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Why haven't we heard from the aliens yet?
As Italian actor Rafael Cavacchini asked and recommended one possible theory for why we haven't heard from the aliens:
I'm pretty sure you all have heard about the Fermi's Paradox, the theory that questions where are all the aliens, and why, why, the cosmos is not filled with them. Its a interesting theory, for sure. But I’m here to tell you something entirely different.
I bet you've never heard of Dark Forest Theory.
When we look at space, we have the odd feeling that we are the only ones here. We find it strange that no other form of life has manifested itself, and therefore, we sometimes assume that we, after all, are the only living beings in the universe.
The Dark Forest Theory proposes that the aliens are there, but they chose not to alert us to their presence.
Why Dark Forest Theory is called that way? Well...imagine a forest at night. It's eerily silent. Nothing moving. Not a sound. Someone inside the forest might think that it is empty. But, sure, it is not. The forest, however dark, is full of life. It is only quiet because it is exactly at night that predators go hunting. To survive, the living creatures in the dark forest must remain silent.
What if, what if, our universe was just a big, dark forest, and everybody is silent because if they make any noise, something bad might happen? If this is true, then only the earthlings are stupid enough to announce their presence. The rest of the universe knows very well why the forest remains silent.
Why is this theory terrifying? We have been screaming our existence to the cosmos for almost a hundred years now. Any alien within a hundred light-years from us would be receiving a torrent of radio signals coming from our direction. If we have reason to prevent aliens from knowing about us, as Dr. Stephen Hawking believed, we could get into trouble.
So, back to the question…
Why haven't we heard about the aliens yet?
If the Dark Forest Theory is correct, they are purposely hidden in the darkness of space for fear of death. This would explain why we didn't find any alien radio signals: other civilizations are so afraid of being detected that they purposely avoid sending any evidence of their own existence.
There is also another similar question: "Why haven’t we found aliens after so much time? Has any scientist proven that through equations of physics that aliens exist?"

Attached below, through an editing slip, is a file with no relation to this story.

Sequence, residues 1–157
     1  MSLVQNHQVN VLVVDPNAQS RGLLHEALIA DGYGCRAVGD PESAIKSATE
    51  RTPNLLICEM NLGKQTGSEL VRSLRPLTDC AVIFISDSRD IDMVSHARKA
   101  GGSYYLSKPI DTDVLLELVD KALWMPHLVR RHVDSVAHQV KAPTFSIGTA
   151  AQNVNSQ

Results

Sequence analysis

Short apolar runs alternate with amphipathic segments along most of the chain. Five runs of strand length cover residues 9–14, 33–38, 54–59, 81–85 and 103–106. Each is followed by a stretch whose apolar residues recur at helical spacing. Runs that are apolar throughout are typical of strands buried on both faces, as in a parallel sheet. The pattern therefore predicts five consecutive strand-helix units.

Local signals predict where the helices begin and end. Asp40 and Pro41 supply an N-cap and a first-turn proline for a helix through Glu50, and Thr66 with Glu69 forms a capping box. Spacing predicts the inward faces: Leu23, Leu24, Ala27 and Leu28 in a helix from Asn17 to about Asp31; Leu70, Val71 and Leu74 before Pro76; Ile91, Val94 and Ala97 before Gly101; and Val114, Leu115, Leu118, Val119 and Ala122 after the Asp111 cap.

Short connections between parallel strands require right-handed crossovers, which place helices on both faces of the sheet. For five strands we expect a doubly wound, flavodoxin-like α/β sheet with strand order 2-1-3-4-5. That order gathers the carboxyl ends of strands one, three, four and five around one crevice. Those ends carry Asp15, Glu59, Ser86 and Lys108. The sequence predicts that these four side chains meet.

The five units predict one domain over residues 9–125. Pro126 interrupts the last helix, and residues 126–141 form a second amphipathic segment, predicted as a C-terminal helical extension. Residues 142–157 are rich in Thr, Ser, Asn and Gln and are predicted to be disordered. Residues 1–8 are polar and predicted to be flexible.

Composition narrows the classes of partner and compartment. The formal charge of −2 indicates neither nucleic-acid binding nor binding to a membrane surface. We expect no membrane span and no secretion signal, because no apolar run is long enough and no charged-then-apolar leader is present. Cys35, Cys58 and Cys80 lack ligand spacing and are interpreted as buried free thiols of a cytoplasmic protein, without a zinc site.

It probably isn’t so much a question of mathematical equations (although important for developing a technology), but it could be more a case of our attitude to life in general and how we treat life from a sociological point-of-view that may determine whether aliens exist and is observable by all of us.
Otherwise, we could try to build the technology (and all the equations that come with it) to take us to the stars and find out the answer.
If we rely on the latter option, a group of scientists of the British Interplanetary Society has looked at the problem of interstellar travel in 1974. Based on scientific knowledge and technology at the time, the scientists recommended nuclear technology as the best way to achieve this. It means a journey to Barnard’s Star can be done in 60 years, and Alpha Centauri in 45 years. The only drawback in the system is the question of costs. However, the scientists did conclude in their report that any civilisation beyond our planet could implement such a technology if they so choose and make the flight if cost was not a consideration.
But what about today? Is there something faster to make the journey?
Latest research is now indicating that there is a solution. And it involves the exponential acceleration concept from the Abraham-Lorentz formula in classical electrodynamics. In other words, get any lightweight (i.e., less energy and thus easier to accelerate) symmetrical “newspaper-thin” hollow metal object and reshape it slightly to be asymmetrical, inject a high-frequency oscillating charge on its surface, and as it emits higher energy density radiation from its surface over the slightly more curved position, it causes the object to recoil and accelerate in the opposite direction, which according to the solution of the formula is “exponential”.
Can we implement this technology? Good question. Perhaps it has already been achieved?
What matters here is that once we know about the correct technology to employ and can achieve quick journey times to the stars (only for those who participate in the flight in accordance with Einstein’s Special Theory of Relativity, but not for those who stay behind on a planet), then technically speaking we would be at least 90 per cent there in proving aliens exist. Because if we can build the technology, we know other civilisations out there should be able to do the same thing. It is just a question of whether we can see this technology in action from these other civilisations.
Have some people already seen this technology by now?
Now the final ten percent needed to finally prove aliens exist is to actually “see the aliens” (as scientists are trusting of their eyes and/or instruments). So that means going on the journey to a Sun-like star, find a planet at the right distance from the star, and see what is down there. Given the age of the star, there should be adequate time for life to evolve and for us to see how far things have progressed for the alien lifeforms.